This week, Andrea Badgley focuses on drifters, nomads, and even the state of impermanence. “Where did it come from? How far did it travel? What stories would it tell if it could talk, and how long before it will move on again?” You can read the entire challenge post here.
Though I enjoy photographing birds, both in flight and at rest, I am by no means an expert in the identification or even the skills required to capture these feathered transients. Sometimes I get lucky and find a bird in the wild, and sometimes, like in the opening shot, the bird is part of a raptor demonstration. In any case, these birds found themselves momentarily at rest in a location within reach of my lens. In many cases, moments after I captured their image, they were gone, off to find food or on to an adventure of which I know nothing.
The story about the photo above is one of my favorites. I spotted this Vermilion Flycatcher. Too far away and partially hidden by vegetation, he was barely visible to me. I waited, hoping he would move slightly in either direction so that I could get a clear image in my viewfinder. It was not to be. Moving on and leaving the lake shoreline, we began to cross a small clearing. A flash of red and black caught my peripheral vision and landed on a branch. I readied my camera, but just as quickly, he was gone. I don’t know if this was the same bird I saw at the lake, but fortunately, he flew across the clearing and came to rest on a tall tree stump. I grabbed a couple of quick photos, the first of which turned out to be out of focus. The second, pictured above, turned out quite well.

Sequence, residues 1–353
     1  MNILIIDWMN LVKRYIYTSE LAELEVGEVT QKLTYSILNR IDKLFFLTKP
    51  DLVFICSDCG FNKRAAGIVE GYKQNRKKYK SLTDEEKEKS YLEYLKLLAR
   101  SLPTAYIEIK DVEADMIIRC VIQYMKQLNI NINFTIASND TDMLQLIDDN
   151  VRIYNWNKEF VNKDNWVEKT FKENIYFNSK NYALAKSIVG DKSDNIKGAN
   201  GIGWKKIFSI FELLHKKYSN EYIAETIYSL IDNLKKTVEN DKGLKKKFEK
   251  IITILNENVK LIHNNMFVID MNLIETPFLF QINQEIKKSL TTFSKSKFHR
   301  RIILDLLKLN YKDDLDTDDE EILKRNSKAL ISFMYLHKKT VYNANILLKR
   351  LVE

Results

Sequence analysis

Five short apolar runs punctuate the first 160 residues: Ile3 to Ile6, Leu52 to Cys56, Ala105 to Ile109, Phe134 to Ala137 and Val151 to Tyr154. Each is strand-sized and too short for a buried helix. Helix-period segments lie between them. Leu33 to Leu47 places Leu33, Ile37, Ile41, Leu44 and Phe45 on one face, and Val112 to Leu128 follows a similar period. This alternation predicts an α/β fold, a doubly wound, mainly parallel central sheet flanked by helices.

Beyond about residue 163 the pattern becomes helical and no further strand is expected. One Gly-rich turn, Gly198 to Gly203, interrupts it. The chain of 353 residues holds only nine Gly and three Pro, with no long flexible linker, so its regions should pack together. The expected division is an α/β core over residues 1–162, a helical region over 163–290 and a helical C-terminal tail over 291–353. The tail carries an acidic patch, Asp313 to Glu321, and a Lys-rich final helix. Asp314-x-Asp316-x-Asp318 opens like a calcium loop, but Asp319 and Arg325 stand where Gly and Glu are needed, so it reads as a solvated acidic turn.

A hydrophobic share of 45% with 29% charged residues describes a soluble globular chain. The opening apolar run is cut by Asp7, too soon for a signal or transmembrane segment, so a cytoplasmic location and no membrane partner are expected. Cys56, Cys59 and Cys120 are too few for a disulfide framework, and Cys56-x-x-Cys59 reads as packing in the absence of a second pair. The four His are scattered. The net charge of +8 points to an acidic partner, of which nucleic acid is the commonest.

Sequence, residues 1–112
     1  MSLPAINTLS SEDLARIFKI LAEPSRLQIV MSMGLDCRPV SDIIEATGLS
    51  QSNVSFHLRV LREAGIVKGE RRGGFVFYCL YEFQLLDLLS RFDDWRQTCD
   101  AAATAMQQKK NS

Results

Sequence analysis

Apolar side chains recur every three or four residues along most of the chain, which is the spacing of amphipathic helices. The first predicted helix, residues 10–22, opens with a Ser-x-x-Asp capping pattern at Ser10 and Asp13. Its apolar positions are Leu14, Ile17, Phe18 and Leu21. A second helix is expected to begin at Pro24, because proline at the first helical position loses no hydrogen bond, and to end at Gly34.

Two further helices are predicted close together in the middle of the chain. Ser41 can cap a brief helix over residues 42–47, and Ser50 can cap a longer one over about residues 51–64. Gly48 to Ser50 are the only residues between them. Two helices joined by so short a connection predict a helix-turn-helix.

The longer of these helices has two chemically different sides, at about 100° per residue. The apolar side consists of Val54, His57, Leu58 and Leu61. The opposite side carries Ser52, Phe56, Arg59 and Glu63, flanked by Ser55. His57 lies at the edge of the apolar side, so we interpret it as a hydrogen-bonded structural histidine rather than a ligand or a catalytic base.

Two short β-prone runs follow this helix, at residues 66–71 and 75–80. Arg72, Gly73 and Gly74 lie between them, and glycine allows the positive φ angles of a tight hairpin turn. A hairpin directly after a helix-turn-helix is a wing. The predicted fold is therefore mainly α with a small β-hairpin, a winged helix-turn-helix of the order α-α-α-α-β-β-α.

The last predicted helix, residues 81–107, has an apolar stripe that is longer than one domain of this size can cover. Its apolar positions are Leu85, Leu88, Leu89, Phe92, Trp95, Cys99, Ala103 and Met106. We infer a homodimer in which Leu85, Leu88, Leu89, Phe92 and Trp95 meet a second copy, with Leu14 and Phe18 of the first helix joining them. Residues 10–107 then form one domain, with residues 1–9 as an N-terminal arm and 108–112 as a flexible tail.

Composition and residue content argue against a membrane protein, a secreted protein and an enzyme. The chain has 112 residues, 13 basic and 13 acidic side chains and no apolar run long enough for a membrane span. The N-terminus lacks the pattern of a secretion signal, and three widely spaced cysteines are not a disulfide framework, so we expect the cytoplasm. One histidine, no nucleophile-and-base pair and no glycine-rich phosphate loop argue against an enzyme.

A few steps further along the trail, an older couple accompanied by a younger woman walked toward us on the trail. Obviously birders, equipped with cameras and binoculars, I suspected they would know the species. Excitedly I showed the image I’d captured to the older woman and asked if she knew the bird. She said it is a Vermilion Flycatcher and complemented me on the photo. She then told the younger woman that I got a really nice shot of the bird, and then explained that they have been trying to get a good shot of the bird for quite a while. The younger woman looked a bit disappointed when she came to realize that this novice was able to so easily capture what eluded them.
Though I may not know the names of all the birds in the gallery below, I submit for your review, a gallery of transient images of birds who momentarily landed in front of my lens.